Since then, it's been the third, fourth, tenth, and fiftyth time. "There was always some authority they could seek justice from," Freddie deBoer said in a recent piece, referring to the young progressive elite who were "raised in secure and prosperous households by helicopter parents." In the age of woke, campus protests have taken this exact form: pleas to authority rather than resistance. Elite college students nowadays still think of themselves as children, and they are treated as such. The most famous scene from the Christakis incident, which was captured on film and eventually broadcast around the world, vividly depicts this. "It's not about creating an academic space!" shrieked a young woman (or, more accurately, a girl) at Christakis as the director of a residential college. It's not the case! Do you get what I'm saying? It's all about establishing a home!"
In fact, if not in law, we're back to in loco parentis. College is now considered the final stage of childhood, rather than the start of maturity. However, one of the dangers of viewing college as the final stage of childhood is that it very well may not be. The nature of woke demonstrations, the lack of Covid and other protests, and the entire problem of great sheephood all speak to the underlying dilemma of today's youth, which is that society has not provided them with any means of maturation—financially, psychologically, or ethically.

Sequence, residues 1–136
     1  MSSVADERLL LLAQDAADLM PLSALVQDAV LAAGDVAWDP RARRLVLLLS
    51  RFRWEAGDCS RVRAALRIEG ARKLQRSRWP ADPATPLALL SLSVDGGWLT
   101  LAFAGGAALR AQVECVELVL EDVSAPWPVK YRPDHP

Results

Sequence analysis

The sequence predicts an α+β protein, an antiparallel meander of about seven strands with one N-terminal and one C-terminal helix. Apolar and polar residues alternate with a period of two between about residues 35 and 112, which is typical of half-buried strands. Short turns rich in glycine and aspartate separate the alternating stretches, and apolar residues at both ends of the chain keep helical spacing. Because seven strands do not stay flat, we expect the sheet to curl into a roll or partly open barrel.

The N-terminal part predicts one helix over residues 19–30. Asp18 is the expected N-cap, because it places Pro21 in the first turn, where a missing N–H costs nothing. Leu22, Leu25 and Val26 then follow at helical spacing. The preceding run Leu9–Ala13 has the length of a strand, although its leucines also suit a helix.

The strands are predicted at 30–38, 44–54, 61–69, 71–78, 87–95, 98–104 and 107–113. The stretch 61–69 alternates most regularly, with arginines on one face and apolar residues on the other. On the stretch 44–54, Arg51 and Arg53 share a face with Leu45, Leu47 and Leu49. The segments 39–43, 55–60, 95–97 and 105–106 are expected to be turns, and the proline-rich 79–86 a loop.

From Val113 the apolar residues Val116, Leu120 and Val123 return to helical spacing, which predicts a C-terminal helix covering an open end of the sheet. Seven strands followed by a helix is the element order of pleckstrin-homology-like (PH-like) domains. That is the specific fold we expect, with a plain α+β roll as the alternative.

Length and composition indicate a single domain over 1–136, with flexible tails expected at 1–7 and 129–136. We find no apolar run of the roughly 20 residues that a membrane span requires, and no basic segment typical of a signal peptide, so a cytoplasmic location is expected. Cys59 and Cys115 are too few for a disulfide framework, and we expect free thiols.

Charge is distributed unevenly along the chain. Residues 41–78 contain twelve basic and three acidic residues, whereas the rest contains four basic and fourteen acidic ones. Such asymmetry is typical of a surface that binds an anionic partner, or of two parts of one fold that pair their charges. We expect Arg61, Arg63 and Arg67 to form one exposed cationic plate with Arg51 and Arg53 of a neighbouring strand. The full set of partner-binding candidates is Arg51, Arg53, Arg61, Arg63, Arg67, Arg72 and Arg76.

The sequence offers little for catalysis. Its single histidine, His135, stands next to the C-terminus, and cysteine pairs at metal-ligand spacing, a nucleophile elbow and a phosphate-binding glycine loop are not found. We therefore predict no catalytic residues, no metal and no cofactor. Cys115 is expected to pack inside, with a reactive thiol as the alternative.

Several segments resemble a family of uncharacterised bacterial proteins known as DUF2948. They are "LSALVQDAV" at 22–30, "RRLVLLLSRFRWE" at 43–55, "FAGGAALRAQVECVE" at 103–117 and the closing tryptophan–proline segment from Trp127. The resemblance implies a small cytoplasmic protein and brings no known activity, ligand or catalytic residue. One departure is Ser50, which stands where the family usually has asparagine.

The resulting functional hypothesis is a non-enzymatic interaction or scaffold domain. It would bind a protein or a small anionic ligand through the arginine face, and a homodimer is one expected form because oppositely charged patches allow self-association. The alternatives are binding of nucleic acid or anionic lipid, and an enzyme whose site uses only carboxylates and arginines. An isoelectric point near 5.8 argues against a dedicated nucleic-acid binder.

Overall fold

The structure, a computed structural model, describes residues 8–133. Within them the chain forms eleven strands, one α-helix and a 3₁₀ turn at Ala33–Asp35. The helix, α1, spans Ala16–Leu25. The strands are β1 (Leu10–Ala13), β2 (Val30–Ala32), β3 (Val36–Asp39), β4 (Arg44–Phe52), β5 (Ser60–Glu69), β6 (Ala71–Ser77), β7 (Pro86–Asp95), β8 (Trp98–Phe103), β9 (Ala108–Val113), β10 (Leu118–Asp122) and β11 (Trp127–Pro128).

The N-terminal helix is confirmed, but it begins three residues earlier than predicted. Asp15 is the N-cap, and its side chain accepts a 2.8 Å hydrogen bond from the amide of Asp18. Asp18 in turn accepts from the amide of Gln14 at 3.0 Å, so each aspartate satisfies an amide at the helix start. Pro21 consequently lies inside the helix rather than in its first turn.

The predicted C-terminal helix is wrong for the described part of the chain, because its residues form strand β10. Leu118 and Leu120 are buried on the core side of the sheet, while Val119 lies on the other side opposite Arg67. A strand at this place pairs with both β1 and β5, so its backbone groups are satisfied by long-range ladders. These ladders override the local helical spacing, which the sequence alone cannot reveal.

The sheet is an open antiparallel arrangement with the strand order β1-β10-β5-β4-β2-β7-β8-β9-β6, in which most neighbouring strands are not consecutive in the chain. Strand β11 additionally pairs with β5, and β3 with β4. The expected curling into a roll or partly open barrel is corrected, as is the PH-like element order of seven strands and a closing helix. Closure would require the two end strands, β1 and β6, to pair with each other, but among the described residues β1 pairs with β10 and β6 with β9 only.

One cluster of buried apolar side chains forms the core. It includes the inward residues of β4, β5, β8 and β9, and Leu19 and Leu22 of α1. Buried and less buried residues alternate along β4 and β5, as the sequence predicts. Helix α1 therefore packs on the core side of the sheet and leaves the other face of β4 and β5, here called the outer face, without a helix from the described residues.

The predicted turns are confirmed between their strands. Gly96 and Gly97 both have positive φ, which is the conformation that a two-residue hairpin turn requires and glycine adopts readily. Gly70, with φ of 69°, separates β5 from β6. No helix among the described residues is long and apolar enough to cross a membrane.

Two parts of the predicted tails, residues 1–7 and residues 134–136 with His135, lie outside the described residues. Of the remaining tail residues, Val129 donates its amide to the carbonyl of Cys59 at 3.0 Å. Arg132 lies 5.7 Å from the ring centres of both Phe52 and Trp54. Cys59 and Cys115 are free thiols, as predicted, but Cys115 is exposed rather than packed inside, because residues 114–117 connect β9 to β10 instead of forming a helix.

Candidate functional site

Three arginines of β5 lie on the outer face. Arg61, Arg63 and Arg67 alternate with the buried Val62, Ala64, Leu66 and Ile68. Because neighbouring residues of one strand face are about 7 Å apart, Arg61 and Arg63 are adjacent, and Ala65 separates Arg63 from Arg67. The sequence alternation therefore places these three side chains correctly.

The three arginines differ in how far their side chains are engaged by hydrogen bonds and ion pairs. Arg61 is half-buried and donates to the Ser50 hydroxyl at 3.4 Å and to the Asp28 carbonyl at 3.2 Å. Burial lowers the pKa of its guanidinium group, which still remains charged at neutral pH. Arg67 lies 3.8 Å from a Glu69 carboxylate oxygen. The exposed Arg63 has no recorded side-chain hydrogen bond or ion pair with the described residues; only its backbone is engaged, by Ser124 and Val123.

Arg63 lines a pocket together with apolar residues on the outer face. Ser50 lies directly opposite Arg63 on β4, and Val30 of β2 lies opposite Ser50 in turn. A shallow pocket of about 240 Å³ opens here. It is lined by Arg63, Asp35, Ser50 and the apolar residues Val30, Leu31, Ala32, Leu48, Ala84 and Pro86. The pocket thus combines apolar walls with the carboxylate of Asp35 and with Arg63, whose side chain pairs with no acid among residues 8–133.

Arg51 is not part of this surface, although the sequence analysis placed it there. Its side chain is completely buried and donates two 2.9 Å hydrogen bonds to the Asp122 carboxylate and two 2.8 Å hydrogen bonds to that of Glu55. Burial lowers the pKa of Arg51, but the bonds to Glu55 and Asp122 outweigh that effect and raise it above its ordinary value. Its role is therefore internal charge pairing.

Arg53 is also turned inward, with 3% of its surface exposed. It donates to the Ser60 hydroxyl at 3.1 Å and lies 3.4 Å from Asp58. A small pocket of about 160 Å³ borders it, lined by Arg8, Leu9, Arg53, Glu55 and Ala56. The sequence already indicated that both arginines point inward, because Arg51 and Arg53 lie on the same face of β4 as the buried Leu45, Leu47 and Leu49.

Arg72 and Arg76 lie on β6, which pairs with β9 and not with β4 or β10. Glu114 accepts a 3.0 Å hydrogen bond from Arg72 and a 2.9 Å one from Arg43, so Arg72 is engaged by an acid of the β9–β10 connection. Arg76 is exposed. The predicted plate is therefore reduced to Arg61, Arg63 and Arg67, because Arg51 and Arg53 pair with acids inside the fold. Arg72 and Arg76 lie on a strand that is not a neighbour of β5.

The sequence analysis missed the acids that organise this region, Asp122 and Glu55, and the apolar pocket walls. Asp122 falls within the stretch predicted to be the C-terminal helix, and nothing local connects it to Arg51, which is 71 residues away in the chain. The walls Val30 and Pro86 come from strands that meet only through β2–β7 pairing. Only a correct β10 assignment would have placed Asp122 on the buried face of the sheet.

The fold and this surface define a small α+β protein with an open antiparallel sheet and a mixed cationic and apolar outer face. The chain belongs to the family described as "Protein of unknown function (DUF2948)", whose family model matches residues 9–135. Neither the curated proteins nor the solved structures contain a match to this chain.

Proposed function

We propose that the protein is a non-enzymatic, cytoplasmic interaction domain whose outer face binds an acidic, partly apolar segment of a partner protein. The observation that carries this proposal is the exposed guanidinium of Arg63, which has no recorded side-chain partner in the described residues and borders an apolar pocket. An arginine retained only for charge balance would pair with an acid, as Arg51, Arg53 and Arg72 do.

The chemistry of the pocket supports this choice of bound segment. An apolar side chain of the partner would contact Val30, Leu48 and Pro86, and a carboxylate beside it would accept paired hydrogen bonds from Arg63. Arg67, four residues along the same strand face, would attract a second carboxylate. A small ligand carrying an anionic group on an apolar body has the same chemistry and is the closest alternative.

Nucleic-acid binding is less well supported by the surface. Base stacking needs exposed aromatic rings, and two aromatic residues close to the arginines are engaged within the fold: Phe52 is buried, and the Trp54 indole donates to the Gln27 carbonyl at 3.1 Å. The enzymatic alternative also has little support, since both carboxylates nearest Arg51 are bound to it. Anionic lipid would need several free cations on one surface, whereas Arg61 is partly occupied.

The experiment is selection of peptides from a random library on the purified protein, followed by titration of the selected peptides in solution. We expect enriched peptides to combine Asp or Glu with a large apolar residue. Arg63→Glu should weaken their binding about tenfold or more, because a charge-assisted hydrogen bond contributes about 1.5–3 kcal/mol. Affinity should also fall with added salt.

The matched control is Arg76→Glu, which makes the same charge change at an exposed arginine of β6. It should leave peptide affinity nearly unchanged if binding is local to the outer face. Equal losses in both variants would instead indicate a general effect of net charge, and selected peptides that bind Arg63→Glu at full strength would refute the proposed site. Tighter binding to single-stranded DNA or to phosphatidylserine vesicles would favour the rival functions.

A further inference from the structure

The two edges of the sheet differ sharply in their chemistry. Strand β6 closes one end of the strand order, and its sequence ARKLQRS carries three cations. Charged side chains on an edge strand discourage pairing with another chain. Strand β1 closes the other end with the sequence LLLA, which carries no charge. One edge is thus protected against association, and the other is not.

The issue, at least in regards to the last two, derives from the nature of the authority that the young are now confronted with, both parental and institutional. It's a power that doesn't believe in itself and doesn't believe in authority. That wants to be liked, to be your friend, to be considered cool. That will never draw a line; instead, it will always yield.
Children can't be children if adults aren't adults, and adults can't be children if children aren't children. They need something solid to lean on when they're young, and against which they can define themselves as they get older. Children become adults—autonomous individuals—by rebelling, rejecting, or, at the very least, proclaiming their independence from their parents. But how do you defy parents who consider themselves rebels? How do you reject them when they accept, understand, sympathize with, and join your rejection?
Authority was shattered in the 1960s, and it has never been mended. Adulthood was tarnished as a result, and adulthood has never recovered. Adult characteristics such as responsibility, maturity, self-sacrifice, and self-control are no longer appreciated or modeled. As a result, children are stuck: they want to grow up but don't know how. They want to grow up, yet it's easier to be a kid. They can only pretend to be adults, just like children.
So, this is my commencement address to the class of 2022. Prepackaged rebellions should be avoided; the protest march you're going to join could be a herd. Your parents aren't your pals, so be wary of anyone who pretends to be looking out for your best interests. Friends can become foes; as one of my friends once put it, the worst thing you can do to friends is not be the person they want you to be. Self-authorship is difficult. It isn't independence if it isn't uncomfortable. Childhood has come to an end. Dare to mature.